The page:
Study Finds Fiji Peacekeeping Bad For Economy, Political Stability

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Elite soldiers currently spread throughout Fiji’s military government

MELBOURNE, Australia (Radio Australia, March 3, 2014) – A recent study looking at Fiji's peacekeeping efforts suggest that it has had a negative impact on the economy and on its role in domestic politics, with the military having overthrown three democratically elected governments in the past few decades.

Study author, Lt Colonel Jone Baledrokadroka, told Pacific Beat that although Fiji's role in international peacekeeping has contributed to some positive outcomes abroad, the result for domestic politics has been detrimental.

"What I'm saying is there's been an aberration ... as far as the Fiji military's concerned where they delve into politics," Mr Baledrokadroka said.

"A whole lot of the elite have had vast experience in peacekeeping ... there's about over 50 officers who are in fact spread throughout the structure of government in Fiji."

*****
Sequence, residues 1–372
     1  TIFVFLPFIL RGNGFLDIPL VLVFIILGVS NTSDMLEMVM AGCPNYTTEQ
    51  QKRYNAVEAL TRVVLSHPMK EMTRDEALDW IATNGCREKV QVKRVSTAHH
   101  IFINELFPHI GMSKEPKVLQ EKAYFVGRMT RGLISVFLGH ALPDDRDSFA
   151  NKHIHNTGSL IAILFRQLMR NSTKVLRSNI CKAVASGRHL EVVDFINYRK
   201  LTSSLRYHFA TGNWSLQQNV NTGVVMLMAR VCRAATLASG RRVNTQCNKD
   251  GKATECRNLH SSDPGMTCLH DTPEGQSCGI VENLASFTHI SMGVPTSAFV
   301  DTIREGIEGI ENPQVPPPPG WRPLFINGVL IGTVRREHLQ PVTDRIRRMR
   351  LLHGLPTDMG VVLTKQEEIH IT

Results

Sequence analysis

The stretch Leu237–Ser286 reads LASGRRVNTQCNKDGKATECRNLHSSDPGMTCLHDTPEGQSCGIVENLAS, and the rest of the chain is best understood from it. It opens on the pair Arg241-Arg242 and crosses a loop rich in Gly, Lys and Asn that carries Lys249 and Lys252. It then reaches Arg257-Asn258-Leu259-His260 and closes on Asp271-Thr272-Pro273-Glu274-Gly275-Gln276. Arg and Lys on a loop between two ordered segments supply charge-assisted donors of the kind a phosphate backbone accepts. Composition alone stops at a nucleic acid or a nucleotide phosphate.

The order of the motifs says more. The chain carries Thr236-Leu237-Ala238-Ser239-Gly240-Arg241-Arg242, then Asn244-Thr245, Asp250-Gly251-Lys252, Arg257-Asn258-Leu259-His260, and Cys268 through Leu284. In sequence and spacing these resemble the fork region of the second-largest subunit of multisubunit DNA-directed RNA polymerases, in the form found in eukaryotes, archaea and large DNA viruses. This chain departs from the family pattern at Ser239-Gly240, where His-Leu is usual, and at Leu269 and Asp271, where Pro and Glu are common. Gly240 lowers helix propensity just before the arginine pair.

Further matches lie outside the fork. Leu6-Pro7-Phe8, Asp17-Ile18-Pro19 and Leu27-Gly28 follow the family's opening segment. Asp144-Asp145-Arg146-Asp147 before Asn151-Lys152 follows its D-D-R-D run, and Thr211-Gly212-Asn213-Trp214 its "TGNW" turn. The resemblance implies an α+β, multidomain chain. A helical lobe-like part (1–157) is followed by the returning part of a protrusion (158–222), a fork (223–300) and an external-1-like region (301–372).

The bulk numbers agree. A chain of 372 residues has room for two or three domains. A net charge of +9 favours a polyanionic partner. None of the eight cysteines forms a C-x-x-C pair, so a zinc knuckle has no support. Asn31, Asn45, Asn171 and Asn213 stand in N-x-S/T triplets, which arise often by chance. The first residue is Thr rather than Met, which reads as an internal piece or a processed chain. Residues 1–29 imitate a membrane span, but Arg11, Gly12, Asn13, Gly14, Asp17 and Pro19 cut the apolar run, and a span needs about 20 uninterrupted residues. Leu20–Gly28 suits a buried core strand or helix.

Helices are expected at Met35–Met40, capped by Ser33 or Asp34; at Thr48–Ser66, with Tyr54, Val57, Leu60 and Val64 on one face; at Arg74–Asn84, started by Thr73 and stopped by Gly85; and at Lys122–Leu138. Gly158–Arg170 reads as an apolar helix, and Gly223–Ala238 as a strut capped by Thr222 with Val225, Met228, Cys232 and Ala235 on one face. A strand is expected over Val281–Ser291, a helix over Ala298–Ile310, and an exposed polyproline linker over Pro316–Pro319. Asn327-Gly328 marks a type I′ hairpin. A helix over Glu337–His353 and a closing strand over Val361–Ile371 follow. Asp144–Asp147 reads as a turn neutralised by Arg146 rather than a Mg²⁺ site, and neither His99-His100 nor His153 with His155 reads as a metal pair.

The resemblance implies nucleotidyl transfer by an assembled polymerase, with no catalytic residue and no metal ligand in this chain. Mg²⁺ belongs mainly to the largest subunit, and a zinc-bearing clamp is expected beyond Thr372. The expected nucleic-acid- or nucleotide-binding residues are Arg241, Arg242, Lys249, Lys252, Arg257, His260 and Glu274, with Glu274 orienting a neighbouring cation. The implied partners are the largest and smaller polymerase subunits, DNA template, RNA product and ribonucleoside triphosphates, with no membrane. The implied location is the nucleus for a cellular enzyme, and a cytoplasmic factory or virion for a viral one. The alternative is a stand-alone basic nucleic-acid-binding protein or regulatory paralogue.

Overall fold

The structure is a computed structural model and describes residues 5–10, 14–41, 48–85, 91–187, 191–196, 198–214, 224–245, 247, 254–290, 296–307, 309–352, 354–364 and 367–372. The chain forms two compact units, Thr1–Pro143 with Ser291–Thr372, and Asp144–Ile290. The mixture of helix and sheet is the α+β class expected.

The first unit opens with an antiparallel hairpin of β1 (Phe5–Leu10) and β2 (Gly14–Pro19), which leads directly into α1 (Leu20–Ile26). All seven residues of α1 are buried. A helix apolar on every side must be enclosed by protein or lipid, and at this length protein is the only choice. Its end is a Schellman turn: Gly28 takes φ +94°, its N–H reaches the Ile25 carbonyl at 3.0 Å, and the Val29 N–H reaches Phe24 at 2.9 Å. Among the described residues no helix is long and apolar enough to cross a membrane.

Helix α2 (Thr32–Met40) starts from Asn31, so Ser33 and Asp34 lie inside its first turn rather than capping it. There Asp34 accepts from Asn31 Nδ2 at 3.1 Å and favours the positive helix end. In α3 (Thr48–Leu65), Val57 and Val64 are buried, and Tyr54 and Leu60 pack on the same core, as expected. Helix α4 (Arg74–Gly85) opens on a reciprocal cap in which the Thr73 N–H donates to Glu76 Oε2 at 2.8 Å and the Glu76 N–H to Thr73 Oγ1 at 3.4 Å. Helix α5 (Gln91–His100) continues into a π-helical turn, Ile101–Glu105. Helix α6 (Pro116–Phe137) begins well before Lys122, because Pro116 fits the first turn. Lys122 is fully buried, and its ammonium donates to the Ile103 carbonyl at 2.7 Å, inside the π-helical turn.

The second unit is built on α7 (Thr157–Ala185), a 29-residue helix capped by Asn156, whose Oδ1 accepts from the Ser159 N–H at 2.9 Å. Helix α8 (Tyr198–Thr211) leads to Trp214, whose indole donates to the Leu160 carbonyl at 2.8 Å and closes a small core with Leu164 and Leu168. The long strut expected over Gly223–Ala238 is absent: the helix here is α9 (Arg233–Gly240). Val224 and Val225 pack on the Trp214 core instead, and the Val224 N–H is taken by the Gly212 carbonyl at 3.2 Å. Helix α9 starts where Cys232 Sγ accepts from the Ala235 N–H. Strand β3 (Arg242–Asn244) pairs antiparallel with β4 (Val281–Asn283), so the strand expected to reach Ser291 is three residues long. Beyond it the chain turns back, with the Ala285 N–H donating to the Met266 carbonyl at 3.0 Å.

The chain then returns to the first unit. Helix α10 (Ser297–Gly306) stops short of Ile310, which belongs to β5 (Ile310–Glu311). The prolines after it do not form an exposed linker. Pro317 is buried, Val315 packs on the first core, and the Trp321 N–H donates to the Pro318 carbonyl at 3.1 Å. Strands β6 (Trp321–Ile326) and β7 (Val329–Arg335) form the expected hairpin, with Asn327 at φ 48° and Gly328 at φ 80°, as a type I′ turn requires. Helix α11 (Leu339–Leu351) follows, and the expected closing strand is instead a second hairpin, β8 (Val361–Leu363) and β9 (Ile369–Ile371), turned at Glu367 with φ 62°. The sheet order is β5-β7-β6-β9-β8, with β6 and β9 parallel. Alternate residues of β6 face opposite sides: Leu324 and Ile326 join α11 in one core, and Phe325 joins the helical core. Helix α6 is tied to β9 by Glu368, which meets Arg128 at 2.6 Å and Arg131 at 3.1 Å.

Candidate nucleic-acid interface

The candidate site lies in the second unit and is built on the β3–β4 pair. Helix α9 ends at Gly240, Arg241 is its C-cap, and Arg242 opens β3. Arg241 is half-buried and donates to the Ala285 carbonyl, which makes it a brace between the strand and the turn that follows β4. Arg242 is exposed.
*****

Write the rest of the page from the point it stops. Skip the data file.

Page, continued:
"It's an unintended outcome of what was perceived to be a good foreign policy and now what has happened is that it is deleterious to the whole economy, to society."

Fiji's recent political history has been marked by coups. Fiji's interim Prime Minister Commodore Frank Bainimarama lead a military coup in 2006 to seize control of the country. He has promised democratic elections will be held this year.

Mr Baledrokadroka said the number of military coups in Fiji's recent past have set its economy back.

"Despite the fact that they say [UN Peacekeeping] reimbursement helps an economy, I'd argue it's the opposite and it in-fact impedes the growth of an economy," he said.

"Coups take the country back ten years, you've had three coups so you've gone back actually 30 years."

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